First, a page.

Tennis-Djokovic must prove exemption or take home – Australian Prime Minister

SYDNEY, January 5 (Reuters) – Novak Djokovic must prove he has a genuine medical exemption from COVID-19 vaccination when he lands in Australia, otherwise he will be “on the next flight home”, said the Australian Prime Minister Scott Morrison on Wednesday. . World No. 1 announced on Tuesday that he was receiving a waiver to play in the Grand Slam tournament in Melbourne and said he was on his way to Australia. Read more

Tennis Australia and the Victorian state government said Djokovic was one of a “handful” of successful applicants among 26 people who sought exemptions from being vaccinated but who had not received any special treatment in the anonymous application process.

“We are awaiting his presentation and what evidence he gives us to support it,” Morrison told a news conference after chairing a meeting with state leaders on dealing with record levels of COVID infections in the country. Read more

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“If that evidence is insufficient, then he will not be treated any differently than anyone else and he will be on the next flight home. There should be no special rules for Novak Djokovic at all. None at all.”

The federal government, which is responsible for international borders and visas, was not part of the exemption process. Morrison said several exceptions had been granted to people who had been able to support their application.

“So the circumstances are not unique, the question is whether he has sufficient evidence to support that he would qualify for this exception,” he said.

The decision to grant Djokovic a waiver for the tournament sparked sharp criticism in Australia, where more than 90% of people over 16 have been given two vaccine doses against COVID-19. Read more .

Melbourne had the world’s longest cumulative lockdown to include COVID, and an outbreak of the Omicron variant has sent case numbers to record levels.

Tennis – Davis Cup Semifinals – Serbia vs. Croatia – La Caja Magica, Madrid, Spain – December 3, 2021 Serbia’s Novak Djokovic celebrates his victory over Croatian Marin Cilic REUTERS / Susana Vera

“I think a lot of people in Victorian society will find this a disappointing result,” Acting Victorian Sports Minister Jaala Pulford said at a news conference earlier Wednesday following the news of Djokovic’s release.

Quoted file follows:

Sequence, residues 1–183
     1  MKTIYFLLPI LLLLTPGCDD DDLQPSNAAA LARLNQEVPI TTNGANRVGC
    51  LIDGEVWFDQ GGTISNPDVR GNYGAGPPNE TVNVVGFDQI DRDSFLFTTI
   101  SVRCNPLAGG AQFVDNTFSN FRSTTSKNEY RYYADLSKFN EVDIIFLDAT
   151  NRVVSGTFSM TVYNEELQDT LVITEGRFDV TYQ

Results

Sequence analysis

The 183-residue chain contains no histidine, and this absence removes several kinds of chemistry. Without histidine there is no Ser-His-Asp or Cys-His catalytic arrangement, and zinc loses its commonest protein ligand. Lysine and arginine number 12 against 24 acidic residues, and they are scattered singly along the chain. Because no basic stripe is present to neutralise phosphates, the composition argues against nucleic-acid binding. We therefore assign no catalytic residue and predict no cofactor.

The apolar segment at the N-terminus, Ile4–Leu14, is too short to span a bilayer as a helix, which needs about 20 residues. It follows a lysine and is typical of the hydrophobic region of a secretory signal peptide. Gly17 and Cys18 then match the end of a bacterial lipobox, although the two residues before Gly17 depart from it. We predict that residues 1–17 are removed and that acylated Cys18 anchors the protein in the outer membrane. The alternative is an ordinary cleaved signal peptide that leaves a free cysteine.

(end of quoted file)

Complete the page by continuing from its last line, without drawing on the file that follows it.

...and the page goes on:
“But the process is the process; no one has received special treatment. The process is incredibly robust.”

Tennis Australia CEO Craig Tiley said the two-step application process was confidential and driven by independent experts. All applications were assessed to ensure that any exemptions were met by the conditions laid down by the Australian Technical Advisory Group on Immunization (ATAGI).

Tiley said these causes included previous negative response to vaccines, recent major surgery or myocarditis or certified evidence of a COVID infection in the previous six months.

The Serb, who had refused to reveal his vaccination status, said earlier that he was unsure whether he would compete at the tournament 17-30. January in Melbourne due to concerns over Australia’s quarantine rules. “

“We fully understand and empathize with … people are saddened by the fact that Novak has come in because of his statements over the last few years about vaccination,” Tiley told reporters.

“But it is ultimately up to him to discuss his condition with the public if he chooses to do so, and the reasons why he was granted a waiver.”

(This story was re-archived to remove irrelevant words “in” in section 6)

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Reporting by John Mair; Edited by Cynthia Osterman, Michael Perry and Alison Williams

Our standards: Thomson Reuters Trust Principles.


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